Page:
Aberystwyth School of Art curates Royal Academy’s Tunnicliffe Exhibition
Professor Robert Meyrick (left), Head of Aberystwyth’s School of Art and Keeper of Art, and Dr Harry Heuser, a lecturer at the School of Art.
11 July 2017
Two art historians from Aberystwyth University’s School of Art have curated an exhibition by Britain’s foremost twentieth century wildlife artist, Charles F Tunnicliffe, at the Royal Academy of Arts in London.
Second Nature: The Prints of Charles Tunnicliffe RA has been curated by Professor Robert Meyrick, Head of Aberystwyth’s School of Art and Keeper of Art, and Dr Harry Heuser, a lecturer at the School of Art.
The show can be seen at the Royal Academy’s Tennant Gallery in Piccadilly from 11 July until 8 October 2017.
It’s the third time Professor Meyrick and Dr Heuser have collaborated with the Royal Academy of Arts.
The exhibition features a range of artworks by Charles F Tunnicliffe – from fine art prints to his original artwork of flora and fauna for Ladybird Books as well as his Brooke Bond Tea collectible cards.
The exhibition coincides with the publication of Charles Tunnicliffe RA. Prints: A Catalogue Raisonné by Professor Meyrick and Dr Heuser, which features over 400 colour images across 336 pages.
"Tunnicliffe was renowned for his watercolour paintings of birds, which were both accurate and decorative but when the market for fine prints collapsed in the late 1920s at the onset of a worldwide financial crisis, Tunnicliffe found work in book illustration and advertising and he is often remembered for these illustrations,” said Dr Heuser.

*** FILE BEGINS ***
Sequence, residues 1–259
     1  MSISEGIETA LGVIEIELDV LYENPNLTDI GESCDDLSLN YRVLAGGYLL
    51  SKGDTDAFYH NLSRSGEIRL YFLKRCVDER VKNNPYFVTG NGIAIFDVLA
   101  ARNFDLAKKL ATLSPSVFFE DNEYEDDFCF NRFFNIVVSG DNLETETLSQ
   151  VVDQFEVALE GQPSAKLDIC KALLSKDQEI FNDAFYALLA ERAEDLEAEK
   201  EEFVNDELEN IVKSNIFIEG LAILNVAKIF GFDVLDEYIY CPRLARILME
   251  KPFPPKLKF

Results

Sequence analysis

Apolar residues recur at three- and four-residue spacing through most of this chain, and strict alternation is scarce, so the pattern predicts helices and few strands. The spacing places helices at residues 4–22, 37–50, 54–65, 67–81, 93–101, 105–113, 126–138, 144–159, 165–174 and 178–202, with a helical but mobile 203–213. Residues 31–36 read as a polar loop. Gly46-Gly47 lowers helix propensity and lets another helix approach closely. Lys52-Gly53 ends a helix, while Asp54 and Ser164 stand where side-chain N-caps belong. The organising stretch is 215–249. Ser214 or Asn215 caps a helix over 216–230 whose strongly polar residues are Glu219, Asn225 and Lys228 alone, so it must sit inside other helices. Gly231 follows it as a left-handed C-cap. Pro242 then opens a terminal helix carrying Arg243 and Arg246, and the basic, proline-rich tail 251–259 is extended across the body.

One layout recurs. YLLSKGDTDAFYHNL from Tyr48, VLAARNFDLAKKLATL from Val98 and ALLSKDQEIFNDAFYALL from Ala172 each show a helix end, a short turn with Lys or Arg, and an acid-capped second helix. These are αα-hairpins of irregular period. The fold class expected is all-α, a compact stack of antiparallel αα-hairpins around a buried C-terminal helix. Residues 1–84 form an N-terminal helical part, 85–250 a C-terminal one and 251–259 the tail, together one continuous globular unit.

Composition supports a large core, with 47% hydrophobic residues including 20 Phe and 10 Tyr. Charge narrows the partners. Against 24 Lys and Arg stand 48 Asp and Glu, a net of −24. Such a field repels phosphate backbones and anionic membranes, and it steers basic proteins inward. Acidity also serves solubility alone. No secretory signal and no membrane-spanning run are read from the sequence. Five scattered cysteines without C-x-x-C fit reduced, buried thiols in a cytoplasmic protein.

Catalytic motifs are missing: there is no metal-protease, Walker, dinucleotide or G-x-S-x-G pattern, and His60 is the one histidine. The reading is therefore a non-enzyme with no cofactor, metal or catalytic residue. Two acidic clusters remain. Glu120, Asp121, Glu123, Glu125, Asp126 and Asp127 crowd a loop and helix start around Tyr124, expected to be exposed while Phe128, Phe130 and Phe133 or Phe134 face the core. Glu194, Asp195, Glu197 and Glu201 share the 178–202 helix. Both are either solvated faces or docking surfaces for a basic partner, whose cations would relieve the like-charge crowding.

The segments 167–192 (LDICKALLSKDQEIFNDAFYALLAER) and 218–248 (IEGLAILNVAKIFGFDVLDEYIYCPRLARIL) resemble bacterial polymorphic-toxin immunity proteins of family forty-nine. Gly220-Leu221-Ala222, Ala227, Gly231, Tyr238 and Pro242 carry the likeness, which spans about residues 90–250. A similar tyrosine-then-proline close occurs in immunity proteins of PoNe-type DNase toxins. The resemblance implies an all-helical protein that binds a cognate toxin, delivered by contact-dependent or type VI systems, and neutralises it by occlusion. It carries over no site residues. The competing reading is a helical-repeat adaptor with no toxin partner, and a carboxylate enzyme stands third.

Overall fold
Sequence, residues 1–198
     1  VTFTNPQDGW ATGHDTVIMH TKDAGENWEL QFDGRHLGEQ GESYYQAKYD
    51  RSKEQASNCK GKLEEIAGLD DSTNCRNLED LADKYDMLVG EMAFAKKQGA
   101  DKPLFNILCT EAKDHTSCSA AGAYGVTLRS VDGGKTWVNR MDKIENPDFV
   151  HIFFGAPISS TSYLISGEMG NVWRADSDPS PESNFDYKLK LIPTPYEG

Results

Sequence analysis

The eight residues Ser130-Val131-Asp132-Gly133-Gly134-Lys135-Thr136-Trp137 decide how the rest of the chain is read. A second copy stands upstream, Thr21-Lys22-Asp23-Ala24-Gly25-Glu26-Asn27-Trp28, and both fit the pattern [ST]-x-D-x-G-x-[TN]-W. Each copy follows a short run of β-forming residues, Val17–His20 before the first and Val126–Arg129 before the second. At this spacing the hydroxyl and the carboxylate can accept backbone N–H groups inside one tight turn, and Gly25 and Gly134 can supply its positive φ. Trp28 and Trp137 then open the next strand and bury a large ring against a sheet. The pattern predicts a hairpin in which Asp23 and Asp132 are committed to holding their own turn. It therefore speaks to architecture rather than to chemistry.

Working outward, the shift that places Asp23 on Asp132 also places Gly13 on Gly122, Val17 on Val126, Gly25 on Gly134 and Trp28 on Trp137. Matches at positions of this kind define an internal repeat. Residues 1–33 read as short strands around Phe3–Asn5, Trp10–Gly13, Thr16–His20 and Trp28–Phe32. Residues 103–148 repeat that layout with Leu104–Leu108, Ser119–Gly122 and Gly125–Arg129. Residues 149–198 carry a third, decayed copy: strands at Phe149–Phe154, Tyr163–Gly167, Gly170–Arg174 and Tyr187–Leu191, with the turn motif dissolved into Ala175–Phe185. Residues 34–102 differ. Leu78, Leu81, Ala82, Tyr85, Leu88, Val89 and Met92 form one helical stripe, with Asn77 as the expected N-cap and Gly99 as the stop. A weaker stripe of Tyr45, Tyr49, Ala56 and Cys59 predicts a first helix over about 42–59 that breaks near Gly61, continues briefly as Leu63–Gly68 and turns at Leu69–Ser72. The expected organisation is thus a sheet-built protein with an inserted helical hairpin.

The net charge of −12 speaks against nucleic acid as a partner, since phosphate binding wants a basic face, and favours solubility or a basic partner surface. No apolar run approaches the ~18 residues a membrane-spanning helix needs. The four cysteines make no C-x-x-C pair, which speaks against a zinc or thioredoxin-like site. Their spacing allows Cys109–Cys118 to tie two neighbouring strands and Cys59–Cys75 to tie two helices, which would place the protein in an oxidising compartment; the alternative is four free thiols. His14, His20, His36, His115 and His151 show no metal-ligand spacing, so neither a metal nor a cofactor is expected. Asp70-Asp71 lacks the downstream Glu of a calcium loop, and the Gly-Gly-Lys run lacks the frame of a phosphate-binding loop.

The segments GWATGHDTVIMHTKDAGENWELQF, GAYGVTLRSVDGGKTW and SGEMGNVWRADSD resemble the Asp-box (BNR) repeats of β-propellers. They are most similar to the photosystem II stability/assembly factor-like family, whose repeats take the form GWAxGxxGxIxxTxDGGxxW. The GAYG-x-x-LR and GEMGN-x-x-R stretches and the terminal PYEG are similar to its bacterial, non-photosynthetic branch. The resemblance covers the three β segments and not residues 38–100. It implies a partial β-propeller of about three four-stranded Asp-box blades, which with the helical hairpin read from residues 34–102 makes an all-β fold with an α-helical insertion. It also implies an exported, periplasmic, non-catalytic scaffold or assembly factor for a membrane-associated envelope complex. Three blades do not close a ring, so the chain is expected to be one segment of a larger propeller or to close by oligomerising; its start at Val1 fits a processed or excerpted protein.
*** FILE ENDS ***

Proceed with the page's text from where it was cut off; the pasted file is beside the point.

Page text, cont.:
“Tunnicliffe’s earlier endeavours as an etcher and wood engraver are often overlooked. As a result, his prints have never been documented; nor has there been a critical appraisal of his printmaking career. This catalogue raisonné of prints seeks to redress that oversight.”
Professor Meyrick and Dr Heuser have spent years tracking down and documenting all the prints of Charles Tunnicliffe who lived in Anglesey for over thirty years until his death in 1979.
“Establishing a chronology of Tunnicliffe’s prints involved research in public and private collections. We scoured auction records, exhibition and dealer catalogues, and drew on the artist’s diaries, personal notes and business correspondences. In the absence of lifetime impressions, some copper plates and boxwood blocks were reprinted to obtain an image for reproduction in the book,” said Professor Meyrick.
“In sourcing, documenting, interpreting and displaying difficult-to-access artworks and archival materials, our aim is to raise awareness of once influential 20th-century British artists and foster greater understanding and appreciation of print history.”
Further details about the exhibition are available on the Royal Academy’s website.